Canadian-born composer, trumpeter, and flugelhorn player Kenny Wheeler passed away in September at the age of 84 after a period of declining health. Wheeler was and is still revered internationally for his inimitable sound, innovative compositional approach, and collaborations with some of the most influential jazz artists of his time, including Dave Holland and Anthony Braxton.
Toronto-born saxophonist and composer Andrew Rathbun has organized a special concert to honor the memory of Wheeler, which will feature a big band performing some of Wheeler’s most beloved large ensemble works. Importantly, 100% of the proceeds from this concert will be donated to the Wheeler family to assist with medical costs.
We spoke with Andrew by phone to discuss the impact that Wheeler had on him musically and also Wheeler’s status as an international jazz icon. Other recent remembrances of Wheeler can be found on Do the Math, including pieces by Darcy James Argue and Ingrid Jensen.
This performance received a starred pick from The New York Times.
The Jazz Gallery: As a Canadian-born jazz musician, can you speak a bit about how Kenny Wheeler was regarded on the Canadian jazz scene?
Andrew Rathbun: He was a titan. Everyone was super aware of him and really revered and respected him. He’d come to Toronto every year and do a week at one of the clubs like the Montreal Bistro with Toronto guys like Don Thompson, and he knew those guys really well from Banff [Jazz Workshop].
I think that Banff is the biggest connection that people have to Ken. Through Banff he’d just give his music away, and people would take his tunes and play them at sessions. People were playing his music a lot and it became a word of mouth thing because he was the most self-effacing, humble guy; he was humble almost to a fault. He never did anything to promote himself, so whatever fell into his lap was what happened.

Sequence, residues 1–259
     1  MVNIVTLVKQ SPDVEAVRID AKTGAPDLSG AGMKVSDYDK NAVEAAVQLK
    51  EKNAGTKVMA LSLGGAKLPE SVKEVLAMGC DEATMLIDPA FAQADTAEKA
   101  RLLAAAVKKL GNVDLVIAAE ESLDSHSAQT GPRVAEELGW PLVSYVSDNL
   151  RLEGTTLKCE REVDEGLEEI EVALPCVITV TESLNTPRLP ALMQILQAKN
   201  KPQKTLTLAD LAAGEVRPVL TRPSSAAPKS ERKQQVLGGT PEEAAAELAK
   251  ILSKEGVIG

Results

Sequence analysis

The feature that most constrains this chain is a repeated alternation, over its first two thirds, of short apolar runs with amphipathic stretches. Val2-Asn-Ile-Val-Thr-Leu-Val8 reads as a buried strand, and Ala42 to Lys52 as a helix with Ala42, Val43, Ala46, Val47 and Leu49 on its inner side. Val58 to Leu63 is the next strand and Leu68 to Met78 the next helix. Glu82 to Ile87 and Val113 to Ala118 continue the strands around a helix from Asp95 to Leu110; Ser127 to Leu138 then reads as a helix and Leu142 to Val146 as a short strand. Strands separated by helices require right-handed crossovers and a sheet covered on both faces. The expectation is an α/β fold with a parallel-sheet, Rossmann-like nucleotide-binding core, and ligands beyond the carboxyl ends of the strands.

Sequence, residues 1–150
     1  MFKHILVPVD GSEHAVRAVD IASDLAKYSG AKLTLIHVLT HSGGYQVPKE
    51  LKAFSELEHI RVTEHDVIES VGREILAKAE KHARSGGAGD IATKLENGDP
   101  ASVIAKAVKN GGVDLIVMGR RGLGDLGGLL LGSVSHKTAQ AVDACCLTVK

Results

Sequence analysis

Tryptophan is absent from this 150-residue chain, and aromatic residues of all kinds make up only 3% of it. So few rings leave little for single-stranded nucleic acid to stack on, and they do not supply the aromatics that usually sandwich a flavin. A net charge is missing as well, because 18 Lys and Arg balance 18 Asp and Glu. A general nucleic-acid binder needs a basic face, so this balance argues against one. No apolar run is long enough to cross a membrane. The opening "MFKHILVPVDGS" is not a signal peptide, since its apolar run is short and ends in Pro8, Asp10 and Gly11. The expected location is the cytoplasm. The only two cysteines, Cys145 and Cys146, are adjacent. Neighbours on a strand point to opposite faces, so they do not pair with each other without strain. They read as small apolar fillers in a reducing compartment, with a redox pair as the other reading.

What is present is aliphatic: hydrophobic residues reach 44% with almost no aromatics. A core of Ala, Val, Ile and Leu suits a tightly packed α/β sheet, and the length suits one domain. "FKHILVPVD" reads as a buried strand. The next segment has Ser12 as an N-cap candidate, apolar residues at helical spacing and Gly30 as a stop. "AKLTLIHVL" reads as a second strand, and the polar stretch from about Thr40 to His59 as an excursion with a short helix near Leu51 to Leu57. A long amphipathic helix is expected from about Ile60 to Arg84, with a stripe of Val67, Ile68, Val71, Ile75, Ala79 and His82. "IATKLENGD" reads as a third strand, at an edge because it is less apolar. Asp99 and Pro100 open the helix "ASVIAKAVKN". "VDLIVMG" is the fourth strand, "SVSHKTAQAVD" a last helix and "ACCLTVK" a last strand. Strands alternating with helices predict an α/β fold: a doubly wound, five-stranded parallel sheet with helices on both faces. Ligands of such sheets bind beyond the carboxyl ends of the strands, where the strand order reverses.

He made his first record, Gnu High, when he was 40. That’s kind of amazing, right? In the usual trajectory of major jazz artists, they’re not making their first record when they’re 40, but when they’re 22. I think that really belies his stature as an innovator, since it took people a long time to catch up to what he was into and his interesting contributions.
TJG: You also recorded and worked with Kenny a number times; he even performed on your 2002 quintet release, Sculptures. What was that like?
AR: It was like a dream come true. He was one of the people I really wanted to write music for and stand beside and play melodies with, so to listen to him play on my tunes was huge for me. It was still one of my favorite recordings I ever made just because he’s on it. That meant a great deal to me, especially since we recorded it just three weeks after September 11.
I actually thought for sure he would cancel because of that, so I told him, “If you don’t want to come, I totally get it,” but he said, “No, I’ll come.” I think a lot of times people used him on projects that he didn’t feel comfortable with, like the music wasn’t necessarily in his strike zone, so I tried to tailor it so he could really sink his teeth into the music. I think he appreciated that.
TJG: When did you first meet him?
AR: I met him at Banff at the early ’90s. It was just … to hear that sound! For him to pick up that flugelhorn and to play with that sound, and to hear that sound in a room—not on a record, but acoustically … it was just mind-blowing. That’s the one thing about the people I really revere: when you’re in the same room with their sound, with someone like Joe Lovano, you’re standing beside that sound and it’s just so powerful. Ken was the same way.